University of Michigan, Ann Arbor, stem cell researcher Sean Morrison, an outspoken proponent of allowing research on human embryonic stem cells (hESCs) in the state, has been wooed to Texas by its $3 billion state cancer research program. But he admits that the Lone Star state may be no more welcoming of research on embryonic stem cells.
Morrison, who is also a Howard Hughes Medical Institute investigator, will head a pediatric cancer initiative at the University of Texas (UT) Southwestern Medical Center at Dallas. The university recruited him with one of the first awards for established investigators from the Cancer Prevention and Research Institute of Texas (CPRIT), a $3 billion, 10-year cancer research fund along the lines of California's stem cell initiative.
Although Morrison doesn't study embryonic stem cells—his area is adult stem cells, including how they develop into cancer cells—he pushed for a 2008 ballot proposal in Michigan that overturned a law restricting hESC research. He told The Detroit News yesterday: "While I have been spending the last five to six years arguing with the Legislature about what kind of research would be permitted in the state, in Texas they were looking for ways to invest billions of dollars into medical research."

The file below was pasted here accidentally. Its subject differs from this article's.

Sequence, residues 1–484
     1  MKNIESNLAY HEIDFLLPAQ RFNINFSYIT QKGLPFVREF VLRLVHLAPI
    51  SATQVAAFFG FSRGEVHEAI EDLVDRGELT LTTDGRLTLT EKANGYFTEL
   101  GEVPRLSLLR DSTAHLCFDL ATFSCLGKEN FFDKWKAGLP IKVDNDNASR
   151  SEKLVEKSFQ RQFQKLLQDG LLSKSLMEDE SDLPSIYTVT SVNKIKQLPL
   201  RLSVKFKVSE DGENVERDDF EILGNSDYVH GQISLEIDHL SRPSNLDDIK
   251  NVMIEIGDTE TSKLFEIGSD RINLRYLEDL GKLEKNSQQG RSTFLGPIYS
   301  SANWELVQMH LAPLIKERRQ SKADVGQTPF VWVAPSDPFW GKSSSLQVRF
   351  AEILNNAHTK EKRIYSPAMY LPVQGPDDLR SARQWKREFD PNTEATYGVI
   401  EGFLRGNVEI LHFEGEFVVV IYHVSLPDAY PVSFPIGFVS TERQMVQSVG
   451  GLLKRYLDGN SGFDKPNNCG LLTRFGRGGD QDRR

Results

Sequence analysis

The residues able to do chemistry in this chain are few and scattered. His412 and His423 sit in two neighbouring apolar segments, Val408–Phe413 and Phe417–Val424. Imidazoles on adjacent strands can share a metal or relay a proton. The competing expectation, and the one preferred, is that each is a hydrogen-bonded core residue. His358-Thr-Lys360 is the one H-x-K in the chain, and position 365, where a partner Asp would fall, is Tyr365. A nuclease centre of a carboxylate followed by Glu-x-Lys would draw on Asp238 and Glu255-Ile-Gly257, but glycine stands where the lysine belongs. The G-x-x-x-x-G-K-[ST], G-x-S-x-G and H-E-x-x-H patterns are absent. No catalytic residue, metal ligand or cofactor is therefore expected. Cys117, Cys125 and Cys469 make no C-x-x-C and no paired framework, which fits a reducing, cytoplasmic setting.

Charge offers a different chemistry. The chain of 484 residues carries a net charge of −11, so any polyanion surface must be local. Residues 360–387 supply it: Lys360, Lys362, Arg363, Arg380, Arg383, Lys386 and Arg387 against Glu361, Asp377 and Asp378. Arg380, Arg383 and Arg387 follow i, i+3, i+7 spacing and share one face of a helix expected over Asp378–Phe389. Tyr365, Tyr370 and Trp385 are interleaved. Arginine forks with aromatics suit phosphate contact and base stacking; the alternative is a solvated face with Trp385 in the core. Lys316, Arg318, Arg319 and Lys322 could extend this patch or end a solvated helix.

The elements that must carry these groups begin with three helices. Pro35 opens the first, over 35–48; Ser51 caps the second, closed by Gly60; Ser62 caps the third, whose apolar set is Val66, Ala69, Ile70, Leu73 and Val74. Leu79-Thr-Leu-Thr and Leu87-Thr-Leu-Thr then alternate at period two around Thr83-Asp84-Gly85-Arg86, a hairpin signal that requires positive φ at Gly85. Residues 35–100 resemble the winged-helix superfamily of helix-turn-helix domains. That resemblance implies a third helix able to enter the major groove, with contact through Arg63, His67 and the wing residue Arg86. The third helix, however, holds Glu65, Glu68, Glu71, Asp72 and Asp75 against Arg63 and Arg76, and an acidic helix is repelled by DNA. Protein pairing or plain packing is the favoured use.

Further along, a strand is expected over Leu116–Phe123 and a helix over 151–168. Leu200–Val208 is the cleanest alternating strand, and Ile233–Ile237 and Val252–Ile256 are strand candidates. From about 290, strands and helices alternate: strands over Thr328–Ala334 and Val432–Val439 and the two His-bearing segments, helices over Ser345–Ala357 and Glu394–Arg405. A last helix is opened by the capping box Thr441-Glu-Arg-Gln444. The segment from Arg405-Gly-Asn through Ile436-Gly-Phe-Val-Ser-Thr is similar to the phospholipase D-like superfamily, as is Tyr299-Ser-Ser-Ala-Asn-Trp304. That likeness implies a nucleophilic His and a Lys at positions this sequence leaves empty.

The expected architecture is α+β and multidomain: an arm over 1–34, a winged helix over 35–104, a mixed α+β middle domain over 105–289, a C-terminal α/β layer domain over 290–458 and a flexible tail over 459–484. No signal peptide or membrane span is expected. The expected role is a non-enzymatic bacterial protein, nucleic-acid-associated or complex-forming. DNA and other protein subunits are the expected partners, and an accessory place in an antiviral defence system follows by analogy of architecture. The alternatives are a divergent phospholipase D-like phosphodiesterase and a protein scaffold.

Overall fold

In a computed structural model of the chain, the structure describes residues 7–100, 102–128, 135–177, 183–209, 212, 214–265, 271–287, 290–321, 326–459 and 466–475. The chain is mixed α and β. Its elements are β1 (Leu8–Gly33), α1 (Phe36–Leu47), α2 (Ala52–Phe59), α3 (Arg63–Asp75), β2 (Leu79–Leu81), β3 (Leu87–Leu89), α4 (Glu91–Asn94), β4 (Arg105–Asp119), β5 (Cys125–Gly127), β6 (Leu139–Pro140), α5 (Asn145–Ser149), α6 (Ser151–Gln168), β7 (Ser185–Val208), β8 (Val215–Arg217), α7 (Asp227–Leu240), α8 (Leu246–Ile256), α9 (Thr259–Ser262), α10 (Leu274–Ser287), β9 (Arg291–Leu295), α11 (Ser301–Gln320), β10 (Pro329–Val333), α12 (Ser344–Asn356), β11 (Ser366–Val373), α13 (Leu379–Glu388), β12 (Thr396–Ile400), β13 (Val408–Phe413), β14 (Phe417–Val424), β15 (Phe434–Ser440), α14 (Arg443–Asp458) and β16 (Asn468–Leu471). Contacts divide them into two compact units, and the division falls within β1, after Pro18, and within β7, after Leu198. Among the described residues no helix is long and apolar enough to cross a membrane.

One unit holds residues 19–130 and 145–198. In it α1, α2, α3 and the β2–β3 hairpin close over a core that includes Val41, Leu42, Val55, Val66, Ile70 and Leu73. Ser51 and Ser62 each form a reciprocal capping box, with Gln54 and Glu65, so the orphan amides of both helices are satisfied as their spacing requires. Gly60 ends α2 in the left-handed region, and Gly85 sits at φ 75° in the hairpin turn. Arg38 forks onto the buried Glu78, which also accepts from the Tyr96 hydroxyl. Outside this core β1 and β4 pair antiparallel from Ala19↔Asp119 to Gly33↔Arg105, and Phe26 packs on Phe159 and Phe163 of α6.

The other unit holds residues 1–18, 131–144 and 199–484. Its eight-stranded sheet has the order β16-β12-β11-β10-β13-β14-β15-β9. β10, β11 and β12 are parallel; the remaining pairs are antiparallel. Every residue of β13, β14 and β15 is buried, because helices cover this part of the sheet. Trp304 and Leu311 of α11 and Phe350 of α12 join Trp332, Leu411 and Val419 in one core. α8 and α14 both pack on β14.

But Texas has not exactly embraced research on embryonic stem cells, either. As this primer from Rice University in Houston notes, the state is one of 18 that has no policy on the controversial topic. Several bills that would restrict hESC research have been introduced, but none has become law.